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Meditation on the Myth of Sisyphus

Like Sisyphus, whose fate it is to bear
A boulder on his back, and up the mound,
Only to watch it roll towards the ground,
As if it mocks his strain to climb the stair;
So I, long burdened by the weight of care,
Ascend those heights where toil with rest is crowned,
But all in vain: on each attempt I’m downed,
Descending all the while towards despair;
And as my strength and spirit start to wane,
Unable quite to face the task ahead,
I cannot bring myself, whose hope has fled,
To climb the upward path of life again;
Yet as I lay me down to my demise,
Uplifting thoughts of you then make me rise.

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Daniel Joseph Howard studied law in his native Ireland before taking his MA in philosophy at King’s College London. After working in the European Commission, he is now pursuing a PhD in Philosophy at Boston College.


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14 Responses

  1. Roy Eugene Peterson

    I have aways worried about Sisyphus, since I first read the myth! Now a poem to uplift my spirits and the reason is love! Thank you, Daniel. Now I am relieved.

    Reply
    • Daniel Howard

      Thanks Roy. I’ve always found that the myth of Sisyphus challenges us in an important way: how to interpret in a positive light a world which continues to knock us down after climbing the uphill path of life.

      Reply
  2. Benjamin L. Perez

    Camus’s essay “The Myth of Sisyphus” is always worth rereading (even if one disagrees with the existentialist interpretation). This poem, too, is worth rereading. Thank you for writing it, for sharing it.

    Reply
    • Daniel Howard

      Indeed, a rereading of Camus led me to reflect on Sisyphus, and what one might do in his position. Thanks Benjamin

      Reply
  3. David Hollywood

    I have often despaired with frustration when reflecting upon Sisyphus, and how representative the myth can be of the outcomes that result from some of our worthy and well intentioned efforts made in support of a chosen cause, so I am indebted for your ending which reminds us to always be resolved and resilient, and prepared to be inspired regardless of the odds, and thereby demonstrating even when experiencing such purgatory, how much character there is in the human spirit. Many thanks Daniel.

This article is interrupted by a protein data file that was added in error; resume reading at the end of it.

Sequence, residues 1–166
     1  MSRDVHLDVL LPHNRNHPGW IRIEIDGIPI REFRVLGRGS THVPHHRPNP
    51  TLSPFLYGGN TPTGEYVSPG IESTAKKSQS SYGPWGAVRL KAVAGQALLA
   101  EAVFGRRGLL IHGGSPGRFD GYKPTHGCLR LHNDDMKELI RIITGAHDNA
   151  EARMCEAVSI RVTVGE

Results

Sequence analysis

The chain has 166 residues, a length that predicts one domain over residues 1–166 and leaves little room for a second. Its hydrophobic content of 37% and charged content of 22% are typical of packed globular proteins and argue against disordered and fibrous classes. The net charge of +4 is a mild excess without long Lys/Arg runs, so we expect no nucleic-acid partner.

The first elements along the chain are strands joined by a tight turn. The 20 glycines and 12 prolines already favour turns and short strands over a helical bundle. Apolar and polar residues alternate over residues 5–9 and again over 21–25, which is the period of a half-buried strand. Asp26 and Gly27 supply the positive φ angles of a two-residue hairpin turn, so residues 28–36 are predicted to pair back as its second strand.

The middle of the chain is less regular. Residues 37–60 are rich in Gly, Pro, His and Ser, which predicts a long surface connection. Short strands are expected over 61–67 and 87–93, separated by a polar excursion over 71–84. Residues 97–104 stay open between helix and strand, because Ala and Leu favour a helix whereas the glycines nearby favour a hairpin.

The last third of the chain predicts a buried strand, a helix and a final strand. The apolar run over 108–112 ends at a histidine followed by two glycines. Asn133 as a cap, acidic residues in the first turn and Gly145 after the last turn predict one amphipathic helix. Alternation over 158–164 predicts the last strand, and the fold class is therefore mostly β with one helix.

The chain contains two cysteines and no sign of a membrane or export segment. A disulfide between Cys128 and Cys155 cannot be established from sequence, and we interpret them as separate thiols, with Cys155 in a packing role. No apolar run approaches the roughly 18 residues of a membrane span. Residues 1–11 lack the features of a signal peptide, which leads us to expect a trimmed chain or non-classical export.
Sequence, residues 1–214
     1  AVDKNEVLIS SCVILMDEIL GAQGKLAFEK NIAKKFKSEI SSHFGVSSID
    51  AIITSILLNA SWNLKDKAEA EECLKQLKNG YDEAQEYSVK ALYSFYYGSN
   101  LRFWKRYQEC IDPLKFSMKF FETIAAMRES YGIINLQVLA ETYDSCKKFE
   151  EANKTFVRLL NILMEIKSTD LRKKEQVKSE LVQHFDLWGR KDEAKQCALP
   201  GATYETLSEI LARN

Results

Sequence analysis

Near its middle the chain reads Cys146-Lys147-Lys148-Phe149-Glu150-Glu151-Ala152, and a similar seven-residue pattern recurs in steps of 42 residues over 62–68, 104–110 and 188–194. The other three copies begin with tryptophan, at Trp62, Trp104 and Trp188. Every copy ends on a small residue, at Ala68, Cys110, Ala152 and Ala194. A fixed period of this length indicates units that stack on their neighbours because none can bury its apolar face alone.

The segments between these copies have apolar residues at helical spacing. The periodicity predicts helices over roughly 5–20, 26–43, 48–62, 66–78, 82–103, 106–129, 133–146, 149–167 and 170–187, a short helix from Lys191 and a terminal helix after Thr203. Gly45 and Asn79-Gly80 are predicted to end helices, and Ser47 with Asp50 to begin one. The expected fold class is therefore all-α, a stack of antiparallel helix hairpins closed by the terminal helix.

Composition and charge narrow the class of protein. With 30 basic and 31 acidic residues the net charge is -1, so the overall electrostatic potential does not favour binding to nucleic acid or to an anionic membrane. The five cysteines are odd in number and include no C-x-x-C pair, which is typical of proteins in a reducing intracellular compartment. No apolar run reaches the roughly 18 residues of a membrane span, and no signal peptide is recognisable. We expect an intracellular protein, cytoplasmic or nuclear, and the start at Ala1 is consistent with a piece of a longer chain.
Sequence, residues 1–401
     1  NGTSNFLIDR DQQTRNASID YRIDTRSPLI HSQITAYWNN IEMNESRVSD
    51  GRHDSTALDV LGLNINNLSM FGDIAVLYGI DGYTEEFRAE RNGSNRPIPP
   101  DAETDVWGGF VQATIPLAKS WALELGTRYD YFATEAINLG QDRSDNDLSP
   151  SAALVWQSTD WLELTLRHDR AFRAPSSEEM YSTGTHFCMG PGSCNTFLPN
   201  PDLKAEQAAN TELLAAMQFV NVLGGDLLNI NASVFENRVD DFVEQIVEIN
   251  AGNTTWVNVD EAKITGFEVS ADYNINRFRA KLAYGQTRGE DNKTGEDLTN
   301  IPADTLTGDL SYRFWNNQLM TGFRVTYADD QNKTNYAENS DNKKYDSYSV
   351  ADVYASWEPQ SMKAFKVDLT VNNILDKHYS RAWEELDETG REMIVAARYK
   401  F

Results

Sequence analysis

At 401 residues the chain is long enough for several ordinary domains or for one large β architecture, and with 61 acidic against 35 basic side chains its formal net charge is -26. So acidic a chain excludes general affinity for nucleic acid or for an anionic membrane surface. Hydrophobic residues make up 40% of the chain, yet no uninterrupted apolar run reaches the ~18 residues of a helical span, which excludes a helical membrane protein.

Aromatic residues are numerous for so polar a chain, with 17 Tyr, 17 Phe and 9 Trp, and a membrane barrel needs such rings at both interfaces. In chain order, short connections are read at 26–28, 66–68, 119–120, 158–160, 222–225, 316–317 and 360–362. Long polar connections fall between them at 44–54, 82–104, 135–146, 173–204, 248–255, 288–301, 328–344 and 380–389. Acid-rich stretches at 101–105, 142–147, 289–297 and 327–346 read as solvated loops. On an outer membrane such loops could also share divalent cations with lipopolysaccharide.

Reply
    • Daniel Howard

      Indeed, the frustrating thing about the myth is that it is true to life but does not tell us how to cope with its challenges. Thanks for your comment.

      Reply
  4. Joseph S. Salemi

    I think we should keep in mind that Sisyphus was not a very respectable character. He committed a great many crimes, and his punishment was well deserved. I suppose it’s OK to take him as a model of dogged determination and exertion, but let’s not forget that he did unspeakable things.

    Reply
    • Daniel Howard

      I understand your point, Joseph. At the same time, if one had to keep in mind the whole character of a man (mythological or historical) when wishing merely to examine a part of his life in isolation (his art, his music, his innovations in mathematics, etc.), then there would be very few people indeed on whom one could draw for the purpose of illustrating a point, so few are the examples of spotless men, and so vast is the moral No-Man’s land between pure good and pure evil in which almost all real and imagined men, past and present, find themselves. But I am happy to see that we are in agreement on this point, since you suggest that there is nothing intrinsically wrong with invoking Sisyphus as a model of dogged determination. Thanks for your thoughtful comment.

      Reply
  5. Robert Milovic

    It is dainty to see the preservation and rise of the lofty classical way to write poetry, despite the flooding character and mentality of mediocre, superficial and inferior tendencies in today’s poetry worth! It was really delightful! Thanks

    Reply
    • Daniel Howard

      If that’s the kind of poetry you’re looking for, you’ve certainly come to the right place, Robert!

      Reply

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